The most natural way of communication for people is spoken language. Nothing is faster, and accompanying to other activities easier to use than an oral exchange. It is therefore not surprising that ComScore estimates that as early as 2020, up to 50% of all searches will be carried out by Conversational Search. What challenges and opportunities does this provoke for the e-commerce sector?
How does the topic of Conversational Commerce fit into the current trends in e-commerce?
AD: Conversational Commerce is a big trend. It covers all forms of conversation, i. e. bidirectional communication with technical systems such as chat, messaging services or other interfaces such as natural language. Personally, I think that the last one is the most promising, because it is the most natural way for a person to communicate by spoken language. The technologies required for this have been massively advanced in recent years. Many large and small platforms now offer interfaces: Siri, Cortana, Alexa or Google now are our daily companions. Language-based services are therefore easy to develop, because basic research is no longer necessary.
Who will benefit from Conversational Commerce?
AD: Several scenarios are imaginable here. The basis connecting them: The smartphone has become a "second personality", - or at least the main interface of most people in the digital world. This intensive use has become the driver for services and interaction of all kinds. Combined with speech as the most natural means of communication, it is not surprising that speech recognition systems are also integrated by default into all common smartphone operating systems. However, language wasn't developed for its use by technology. It is fuzzy, and the understanding of a person's intentions still requires a degree of communicative intelligence. Here, the provision of artificial intelligence within technical systems is required. On a morning run, or in the on the daily commute, it is often transfer times where people move around that apps can be better used by language-based control. Entering speech into a device also attracts people with physical disabilities who may not have been able to operate generally available devices, too. But also in the B2B area, voice control and natural language conversation is helpful, for example in the field services or for craftsmen. One can easily imagine they don´t have their hands free to operate apps, e. g. to draw up a list of missing work equipment or to reorder them on site.
How does Intershop deal with the trend?
AD: It has been a topic for some time now, especially in the research area. We are working on chat bots, and have also developed a language-based use case for e-commerce. The first point of contact here was entering a shop and searching for a product which has not been specified yet. The wording is naturally blurred here, so the intelligence of speech recognition can score points: By interpreting terms such as "large", "small", "much" or "little", value ranges can be correctly restricted and applied to product attributes. At the same time, the intelligence used can anticipate product wishes very well and clearly distinguish them from similar products. With regard to hits in a quantity of product data, the most suitable products can be pre-sorted in the correct order, so that only the relevant search results are presented to the user, which ultimately increases the conversion rate due to a lower user termination rate.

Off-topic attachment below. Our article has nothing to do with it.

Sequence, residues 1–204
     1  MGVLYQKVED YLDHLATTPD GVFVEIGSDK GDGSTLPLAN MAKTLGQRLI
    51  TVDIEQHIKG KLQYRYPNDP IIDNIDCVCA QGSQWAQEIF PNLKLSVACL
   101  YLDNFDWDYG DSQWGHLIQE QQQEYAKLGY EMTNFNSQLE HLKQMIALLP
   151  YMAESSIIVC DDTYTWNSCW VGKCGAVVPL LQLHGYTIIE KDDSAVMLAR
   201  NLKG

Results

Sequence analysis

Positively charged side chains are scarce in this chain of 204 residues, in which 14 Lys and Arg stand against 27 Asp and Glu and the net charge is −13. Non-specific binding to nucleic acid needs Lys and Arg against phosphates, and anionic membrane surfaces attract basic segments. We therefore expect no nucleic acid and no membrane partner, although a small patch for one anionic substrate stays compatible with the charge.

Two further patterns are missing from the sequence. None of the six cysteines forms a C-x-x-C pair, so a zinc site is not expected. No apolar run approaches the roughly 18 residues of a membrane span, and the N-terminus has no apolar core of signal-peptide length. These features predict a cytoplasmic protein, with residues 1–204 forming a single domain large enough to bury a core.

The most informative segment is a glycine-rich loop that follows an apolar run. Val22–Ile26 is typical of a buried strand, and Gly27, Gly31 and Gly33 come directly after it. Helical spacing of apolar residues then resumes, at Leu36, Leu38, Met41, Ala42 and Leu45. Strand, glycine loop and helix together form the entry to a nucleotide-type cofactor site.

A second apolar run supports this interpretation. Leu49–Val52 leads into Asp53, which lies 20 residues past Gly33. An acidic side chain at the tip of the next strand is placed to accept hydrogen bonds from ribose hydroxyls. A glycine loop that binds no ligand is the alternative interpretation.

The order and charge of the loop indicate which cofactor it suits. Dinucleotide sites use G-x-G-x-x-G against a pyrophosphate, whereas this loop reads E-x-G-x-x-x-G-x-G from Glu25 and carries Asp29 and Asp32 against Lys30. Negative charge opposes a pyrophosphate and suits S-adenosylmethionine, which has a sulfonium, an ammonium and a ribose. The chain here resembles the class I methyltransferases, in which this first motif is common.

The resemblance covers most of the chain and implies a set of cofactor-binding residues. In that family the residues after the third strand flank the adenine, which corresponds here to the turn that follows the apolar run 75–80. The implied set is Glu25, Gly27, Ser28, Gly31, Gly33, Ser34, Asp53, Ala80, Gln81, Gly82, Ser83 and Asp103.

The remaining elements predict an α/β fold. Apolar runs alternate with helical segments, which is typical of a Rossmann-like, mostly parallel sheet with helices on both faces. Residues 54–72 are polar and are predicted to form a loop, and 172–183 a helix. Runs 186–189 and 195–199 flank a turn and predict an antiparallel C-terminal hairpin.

Our showcase uses the voice control for a product search, which can be used in every commerce touchpoint. Technically, this is a speech-to-text and vice versa implementation in a mobile shopping app via Microsoft Bing-API, which is part of the Microsoft Cognitive Services. It enables 2-way communication:
1) The search phrase is entered as a language and further processed as text.
2) The search results are displayed on the display as a product list and an explanation is also given by voice of what the search has found and how it has arranged the products so that the communication channel is maintained.
How does it work?
The "magic" in the background is a semantic search, which was implemented with a solution of our partner Semknox from Dresden. It enables "semantic storage" of product data in an ontology. The solution enables precise search results even though the natural language was blurred, as it can interpret fuzzy search entries and accurately filter out understood product requests. A traditional search can't do that.
Do product data have to meet special requirements for this?
As recommended for any good commerce application, the product attributes should be well maintained. The better the data quality, the better the search result. However, special properties or attributes are not necessary.
This all makes sense. How can I get this for my business?
Our research team has developed a prototype for an Android app that works with our Commerce Solution, together with our Synaptic Partner Semknox. Their semantic processing of product data sets is necessary to use our Conversational Commerce functionality. All functionalities used are integrated via REST interfaces. Please contact Nils Breitmann for more information, we will be happy to advise you.